Saturday, 7 November 2015

Bob Dylan: The Cutting Edge 1965 - 1966 review

Bob Dylan in the recording studio in 1965.
My back pages: how Dylan’s Bootleg Series illuminates his past
As the singer releases every note he taped during his mid-60s peak, it’s time to assess how he has co-opted the unofficial recording to shed light on his creative genius

Richard Williams
Thursday 5 November 2015

Back in the summer of 1969, very little could be cooler than owning a copy of Great White Wonder. This was a set of two 12” LPs packaged in a completely blank white jacket made of cheap card, with plain white labels offering no information on the contents. A jumble of out-takes, demos and radio broadcasts from the entire career – at that point spanning a mere six years – of Bob Dylan, it promised to provide the clues that would help adherents decode the mysteries of the singer’s life and work.

The best part of 50 years later, Dylan has taken the job of providing those clues firmly into his own hands. This month, his official Bootleg Series, launched in 1991, reaches Volume 12 with the most lavish production yet. Under the title The Cutting Edge, it surveys his work during 1965 and 1966, the years when his career as the voice of a generation was at its zenith.

For those with unlimited disposable income, $600 will secure a set of 18 CDs documenting, across 379 tracks, every note he recorded during the era when a pair of singles – Subterranean Homesick Blues and Like a Rolling Stone – and three albums – Bringing It All Back Home, Highway 61 Revisited and Blonde on Blonde – reshaped not just Dylan’s own music but that of just about every rock and pop musician under 40.

Dylan’s record company believes 5,000 people can be persuaded to invest in this premium product, but for obsessives of more modest means, £100 will cover a six-CD version, including an entire disc devoted to the 20 takes that transformed Like a Rolling Stone from a decorous and rather tentative waltz to the raging backbeat-driven sound that stood the world on its ear. There are also more economically priced sets comprising three vinyl LPs or two CDs.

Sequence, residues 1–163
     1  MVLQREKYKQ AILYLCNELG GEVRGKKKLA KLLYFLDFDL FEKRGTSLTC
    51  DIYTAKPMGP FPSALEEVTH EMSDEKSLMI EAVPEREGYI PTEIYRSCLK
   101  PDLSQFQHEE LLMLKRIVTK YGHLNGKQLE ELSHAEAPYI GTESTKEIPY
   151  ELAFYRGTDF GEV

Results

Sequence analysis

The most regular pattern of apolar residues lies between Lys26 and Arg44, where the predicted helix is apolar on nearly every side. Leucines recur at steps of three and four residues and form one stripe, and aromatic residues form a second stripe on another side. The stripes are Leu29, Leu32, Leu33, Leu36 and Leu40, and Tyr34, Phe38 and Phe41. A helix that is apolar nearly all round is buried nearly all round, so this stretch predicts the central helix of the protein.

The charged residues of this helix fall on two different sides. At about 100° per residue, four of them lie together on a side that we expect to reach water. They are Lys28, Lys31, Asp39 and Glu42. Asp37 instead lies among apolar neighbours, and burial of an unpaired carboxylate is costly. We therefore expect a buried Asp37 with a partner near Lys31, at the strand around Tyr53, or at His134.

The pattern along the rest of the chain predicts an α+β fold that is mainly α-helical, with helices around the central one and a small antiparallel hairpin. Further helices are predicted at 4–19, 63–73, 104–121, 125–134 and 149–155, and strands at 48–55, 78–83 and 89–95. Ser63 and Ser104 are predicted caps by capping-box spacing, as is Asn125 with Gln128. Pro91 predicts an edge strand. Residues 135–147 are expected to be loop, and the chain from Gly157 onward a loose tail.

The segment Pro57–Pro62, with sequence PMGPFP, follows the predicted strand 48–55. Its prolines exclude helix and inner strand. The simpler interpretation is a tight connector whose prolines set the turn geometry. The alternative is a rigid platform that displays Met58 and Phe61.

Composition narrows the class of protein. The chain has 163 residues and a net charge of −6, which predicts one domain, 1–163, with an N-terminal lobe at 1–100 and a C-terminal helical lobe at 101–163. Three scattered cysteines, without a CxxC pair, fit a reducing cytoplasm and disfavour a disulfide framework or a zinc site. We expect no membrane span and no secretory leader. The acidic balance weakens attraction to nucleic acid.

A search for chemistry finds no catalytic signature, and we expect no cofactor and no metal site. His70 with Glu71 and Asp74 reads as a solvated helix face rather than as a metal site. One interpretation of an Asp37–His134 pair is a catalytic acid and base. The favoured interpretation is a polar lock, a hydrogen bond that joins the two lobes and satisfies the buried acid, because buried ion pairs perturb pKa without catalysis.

Early in the original bootleg era, some artists dressed down their official live albums to look rough and ready, immediate and “authentic”, with an under-the-counter vibe. Dylan’s Bootleg Series, supervised by Jeff Rosen, his manager for 25 years, goes in the opposite direction, luxuriating in meticulous assembly and handsome design. This is a major money-making enterprise, aimed at a generation of listeners who grew up buying albums and getting shelves built to hold them, fastidiously arrayed in alphabetical order. Mostly men, of course. And men who are still willing to spend their money on such things, not just as a way of retrieving the past but to guard against missing that vital track, hidden away for decades, that might explain everything.

For Dylan, paradoxically, the appearance of each new volume absolves him from an obligation to stuff his concerts with old songs, something he has long hated. As long as he is endorsing the release of such treasure, no one can claim he does not care about his past.

Much of the Bootleg Series – the set of important early acoustic demos, the concert recordings from 1964, 1966 and 1975, the complete Basement Tapes from 1968, which had once formed the core of Great White Wonder – represents a Dylanologist’s dream. Those 20 takes of Like a Rolling Stone can be seen as equivalent to the typescript of TS Eliot’s The Waste Land, covered in the amendments with which Ezra Pound gave his friend’s masterpiece its final form in 1922, or the original version of On the Road, as pounded out by Jack Kerouac on a continuous scroll, unparagraphed, using real names and containing passages deemed too explicit in 1957.

Scholars are always grateful for such material, but Dylan’s Bootleg Series is not just about shedding light on the processes behind familiar work. These albums also represent the only legitimate way of hearing some of his genuine and long-buried masterpieces: the tempered bile of She’s Your Lover Now from 1966, the spectral I’m Not There from 1968, the apocalyptic Blind Willie McTell from 1983, or the majestic eight-minute ’Cross the Green Mountain, written in 2002 for the American civil war movie Gods and Generals. We can hear how his phrasing and tone, a mixture of bitterness and regret, bring to life some lines omitted from the very different official take of Someday Baby in 2006: “When I heard you was cold, I bought you a coat and hat / I think you must have forgotten about that.”
Bob Dylan in recording studio circa 1965-66